How green are Canada’s drivers?
Compared to a few decades ago, in the era of oversized gas-guzzlers, they resemble fresh leaves on spring trees. But that’s like saying kids are better off since child labour was abolished — a very low bar.
Current evidence is mixed.
Canadians own more cars than ever, in total and per capita, and these vehicles are carrying more people greater distances. So they’re burning more gasoline, and spewing more carbon dioxide.
But cars have changed.
Spurred by increasingly stringent fuel-economy standards and rising gasoline prices, carmakers are producing vehicles that consume less fuel and emit 99 per cent fewer pollutants than those of earlier generations.
That’s partly because, on average, today’s vehicles are smaller and lighter. They’re also, no matter their size, better engineered and more efficient.
Most manufacturers also offer diesel, hybrid, plug-in hybrid, or all-electric models, which are all considered better for the environment than gasoline-fuelled internal combustion engines.
Consumers have little choice but to buy more fuel-efficient vehicles: The old barge-class Fords and Chevrolets are no longer available. But some are going further green by opting for smaller vehicles and a few are switching to alternative power trains.
However, all this isn’t producing an environmental triumph. Although things are better than they would have been had cars not improved, the ultimate effect is to merely slow the rise in fuel consumption and emissions. It would take a remarkable transformation to reverse that trend, especially with the global rise in car ownership.
Figures from Natural Resources Canada, comparing 2009 with 1990, reveal some of our national picture.
On the negative side:
Overall gasoline consumption rose 25 per cent, with half the rise attributed to passenger vehicles.
Minivans and SUVs grew to 41 per cent of passenger vehicle sales, from 26. “This … shift away from the use of cars to light trucks brought about a large increase in passenger transportation energy use,” NRC says.
Canadians owned a total of 19.2 million vehicles, up from 14.2 million, and 0.71 vehicles per capita, compared with 0.68 two decades ago.
Vehicle use, measured by total passengers and kilometres, increased by 2 per cent each year.
On the positive side, the energy intensity of cars and light trucks — the energy required to move each passenger 1 km — improved by nearly 20 per cent.
There is other evidence of change.
Most of the people recently polled by the Canadian Automobile Association say they will likely buy, or at least consider, a highly efficient gas burner when shopping for their next vehicle. Half will take a good look at hybrids, and more than 10 per cent will consider an electric vehicle.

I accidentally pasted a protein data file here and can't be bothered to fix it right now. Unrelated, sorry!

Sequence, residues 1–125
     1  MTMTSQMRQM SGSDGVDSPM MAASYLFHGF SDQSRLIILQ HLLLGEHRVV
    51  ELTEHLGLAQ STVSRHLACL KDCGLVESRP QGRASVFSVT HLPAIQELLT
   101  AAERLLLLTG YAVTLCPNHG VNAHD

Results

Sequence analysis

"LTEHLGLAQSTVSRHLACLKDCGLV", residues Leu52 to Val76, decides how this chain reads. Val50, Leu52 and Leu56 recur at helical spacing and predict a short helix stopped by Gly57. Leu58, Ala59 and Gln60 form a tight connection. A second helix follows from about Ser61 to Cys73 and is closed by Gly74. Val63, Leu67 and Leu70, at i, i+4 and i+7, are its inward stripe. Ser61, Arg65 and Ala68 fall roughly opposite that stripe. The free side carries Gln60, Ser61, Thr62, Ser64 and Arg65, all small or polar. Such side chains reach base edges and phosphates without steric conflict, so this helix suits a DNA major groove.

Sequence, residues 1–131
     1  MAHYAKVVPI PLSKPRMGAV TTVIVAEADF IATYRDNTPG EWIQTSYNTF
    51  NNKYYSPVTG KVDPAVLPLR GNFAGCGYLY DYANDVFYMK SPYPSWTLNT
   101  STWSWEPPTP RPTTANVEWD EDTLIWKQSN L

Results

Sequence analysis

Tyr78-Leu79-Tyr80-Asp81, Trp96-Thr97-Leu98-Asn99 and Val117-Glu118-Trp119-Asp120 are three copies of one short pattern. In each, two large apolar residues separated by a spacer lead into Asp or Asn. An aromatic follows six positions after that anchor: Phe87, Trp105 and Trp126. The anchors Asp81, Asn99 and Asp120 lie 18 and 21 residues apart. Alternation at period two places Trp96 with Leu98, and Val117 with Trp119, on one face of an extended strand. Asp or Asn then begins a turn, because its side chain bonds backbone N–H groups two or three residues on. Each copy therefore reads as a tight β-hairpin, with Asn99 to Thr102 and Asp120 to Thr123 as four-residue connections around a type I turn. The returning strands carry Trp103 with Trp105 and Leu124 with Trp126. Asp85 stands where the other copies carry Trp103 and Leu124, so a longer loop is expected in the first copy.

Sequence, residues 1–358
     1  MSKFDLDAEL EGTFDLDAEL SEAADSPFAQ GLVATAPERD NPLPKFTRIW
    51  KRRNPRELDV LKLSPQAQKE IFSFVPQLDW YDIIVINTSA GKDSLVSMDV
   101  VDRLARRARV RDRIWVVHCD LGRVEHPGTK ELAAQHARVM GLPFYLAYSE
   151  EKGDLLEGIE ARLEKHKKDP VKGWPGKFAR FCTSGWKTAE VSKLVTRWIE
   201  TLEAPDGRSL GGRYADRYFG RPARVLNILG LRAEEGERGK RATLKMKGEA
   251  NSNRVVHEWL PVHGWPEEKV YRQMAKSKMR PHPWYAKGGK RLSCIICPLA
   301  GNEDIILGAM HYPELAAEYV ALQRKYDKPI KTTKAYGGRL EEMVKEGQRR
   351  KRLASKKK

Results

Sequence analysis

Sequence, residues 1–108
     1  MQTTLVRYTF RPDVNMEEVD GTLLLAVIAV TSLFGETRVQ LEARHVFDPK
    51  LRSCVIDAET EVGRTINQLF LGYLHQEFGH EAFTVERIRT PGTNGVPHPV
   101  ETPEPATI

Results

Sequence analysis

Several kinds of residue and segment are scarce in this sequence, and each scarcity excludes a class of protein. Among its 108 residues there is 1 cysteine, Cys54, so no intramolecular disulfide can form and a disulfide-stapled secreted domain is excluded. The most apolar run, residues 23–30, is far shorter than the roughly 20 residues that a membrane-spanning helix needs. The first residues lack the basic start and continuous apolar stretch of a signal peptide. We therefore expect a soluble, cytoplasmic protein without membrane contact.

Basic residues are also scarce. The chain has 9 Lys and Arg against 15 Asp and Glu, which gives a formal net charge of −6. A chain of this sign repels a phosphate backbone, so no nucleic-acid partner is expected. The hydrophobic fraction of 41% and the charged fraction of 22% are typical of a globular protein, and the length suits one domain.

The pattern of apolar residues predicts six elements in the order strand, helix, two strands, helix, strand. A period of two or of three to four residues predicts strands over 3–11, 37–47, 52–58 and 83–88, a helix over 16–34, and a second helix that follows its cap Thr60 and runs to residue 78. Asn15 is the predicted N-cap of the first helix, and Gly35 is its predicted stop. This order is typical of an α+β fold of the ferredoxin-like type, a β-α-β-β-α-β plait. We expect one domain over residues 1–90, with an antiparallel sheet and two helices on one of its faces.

Nearly half say they’ve taken steps to reduce the environmental impact of their driving. Popular measures include avoiding jackrabbit starts and abrupt stops, keeping tires properly inflated, and removing excess weight from the vehicle. About two-thirds are reducing their driving.
A U.S. survey sponsored by Ford found similar results. About 70 per cent of respondents claim more fuel-efficient habits, while 21 per cent say they’ve bought a more-efficient vehicle.
Mazda Canada reports that vehicles equipped with its fuel-saving SkyActiv technology account for 43 per cent of its total sales this year, and 57 per cent for past month. The SkyActiv CX-5 has taken over the mid-SUV category from the conventional CX-7. And half of Mazda3 buyers have opted for the new technology.
GM Canada says its small and mini car sales are up 34 per cent this year. Compact cars, as well as small and compact SUVs, are up by 8 per cent.
Conventional hybrids now sell well. Plug-ins, such as GM’s Volt (with Canadian sales of 920 this year) and Toyota’s Prius, are catching on.
But the green trend’s future is uncertain.
A new oil glut — from supplies embedded in shale and deep offshore — is taking pressure off gasoline prices and fears about energy security. These sources are environmentally questionable, but undermine support for fuel-efficiency.
And sales of electric cars are lagging, particularly in Canada and the United States, while battery makers struggle to improve performance and lower costs.
Sales of pure EVs total less than 1,000 per month. Ontario, which along with Quebec and British Columbia offers incentives on all plug-ins, has paid out only 500, worth up to $8,500, since 2010.
And none of this touches the impact of roads on farmland, natural areas and wildlife — a key concern for environmentalists.
So while Canadians are driving greener, they are not yet green.
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